Mayor convicted of felony voted, Nakamoto report leads to demand for state investigation
5 days ago WBRZ 0
BATON ROUGE – The state’s chief election officer sent a strong demand for an investigation to the governor’s office after the WBRZ Investigative Unit uncovered a convicted felon with ties to a powerful state agency voted in the recent election.
Friday afternoon, the Secretary of State’s Office formally asked Governor John Bel Edwards to organize an inquiry into the matter when WBRZ Chief Investigator Chris Nakamoto started gathering information for a report on the 6 o’clock news. Calls for a state investigation come after WBRZ learned former New Roads Mayor Robert Myer was allowed to vote. Myer is on a one-year probation after pleading no contest in January to a felony malfeasance in office charge.
There are restrictions for most convicted felons related to not being able to vote while serving sentences or probations.
Myer pleaded no contest to charges related to using the city’s credit card illegally for personal purchases following a series of WBRZ Investigative Unit reports.
In the eyes of the court, a no contest plea is similar to a guilty plea but protects the criminal from civil liability.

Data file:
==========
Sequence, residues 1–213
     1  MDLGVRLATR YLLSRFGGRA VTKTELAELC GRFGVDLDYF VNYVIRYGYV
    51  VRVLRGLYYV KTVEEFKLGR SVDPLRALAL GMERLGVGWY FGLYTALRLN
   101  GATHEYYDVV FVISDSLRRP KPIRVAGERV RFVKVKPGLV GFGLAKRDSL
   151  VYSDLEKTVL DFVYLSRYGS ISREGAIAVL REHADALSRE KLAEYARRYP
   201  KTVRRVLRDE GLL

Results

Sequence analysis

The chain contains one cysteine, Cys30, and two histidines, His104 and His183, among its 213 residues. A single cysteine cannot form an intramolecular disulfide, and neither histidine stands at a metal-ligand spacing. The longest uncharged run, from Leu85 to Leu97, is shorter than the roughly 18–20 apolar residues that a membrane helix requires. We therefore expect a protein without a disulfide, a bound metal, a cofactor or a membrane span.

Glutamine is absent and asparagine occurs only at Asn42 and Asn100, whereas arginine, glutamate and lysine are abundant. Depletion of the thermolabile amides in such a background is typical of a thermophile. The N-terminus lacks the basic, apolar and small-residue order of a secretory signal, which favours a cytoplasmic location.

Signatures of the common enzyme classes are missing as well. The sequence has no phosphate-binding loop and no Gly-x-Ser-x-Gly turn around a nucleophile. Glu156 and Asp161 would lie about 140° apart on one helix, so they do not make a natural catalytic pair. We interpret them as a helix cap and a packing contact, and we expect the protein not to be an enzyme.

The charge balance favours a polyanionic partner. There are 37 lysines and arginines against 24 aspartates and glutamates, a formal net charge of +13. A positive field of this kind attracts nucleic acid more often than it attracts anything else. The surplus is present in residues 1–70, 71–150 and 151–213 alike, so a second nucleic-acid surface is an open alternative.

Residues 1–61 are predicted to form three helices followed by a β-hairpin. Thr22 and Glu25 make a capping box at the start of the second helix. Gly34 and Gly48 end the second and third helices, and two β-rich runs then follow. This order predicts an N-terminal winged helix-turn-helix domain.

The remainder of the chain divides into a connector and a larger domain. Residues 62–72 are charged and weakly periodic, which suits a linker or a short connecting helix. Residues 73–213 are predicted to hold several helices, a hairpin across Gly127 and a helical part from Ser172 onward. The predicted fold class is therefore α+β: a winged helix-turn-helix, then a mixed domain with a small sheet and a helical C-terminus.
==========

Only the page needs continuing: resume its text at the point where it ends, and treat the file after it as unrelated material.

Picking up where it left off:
Myer voted because his name was not included on a list of people who are banned from voting. It’s a perplexing issue – one that election regulators in Pointe Coupee Parish where he voted blame on a communication breakdown from state authorities.
The Secretary of State said it receives a monthly list from the Department of Corrections of felons who are ineligible to vote. The Secretary of State’s Office said Friday, it believes Myer – under the supervision of the state prisons department as being on probation – should have been on that list.
“If you’re on felony probation or if you are a convicted felon…you are not allowed to vote,” Sheriff Bud Torres told WBRZ. He said he has asked the area district attorney to investigate.
Calls for such reached higher levels of government when the Secretary of State’s Office frustratingly pushed the governor’s office to figure out how such a communication breakdown happened.
“Mr. Robert Myer… may have illegally cast a ballot in the recent midterm election,” Secretary of State Kyle Ardoin wrote to Governor John Bel Edwards. “An initial investigation… determined that the Louisiana Department of Corrections failed to report any felony conviction of Mr. Robert Myer.”
Prisons officials said Myer completed his probation early – citing a rule that allows for good time probation and Myer completed his in July. Although, sentencing documents signed by a judge last year ordered no change in Myer’s status until a hearing exactly a year from him being sentenced.
Local authorities and the state elections chief were concerned, though, because of Myer’s connections. His brother is a deputy secretary at the Department of Corrections.
Ardoin referenced the concern in his letter to the governor.
“I am calling on your office to fully investigate to determine if this error occurred due to negligence or if there were preferential treatment given by a high ranking official within the [Department of Corrections] who may be related to Mr. Robert Myer.”
The Pointe Coupee Parish Clerk of Court said Friday, Myer is still listed as being on active probation and the office has not been notified otherwise.
Click HERE to read the letter sent to the governor.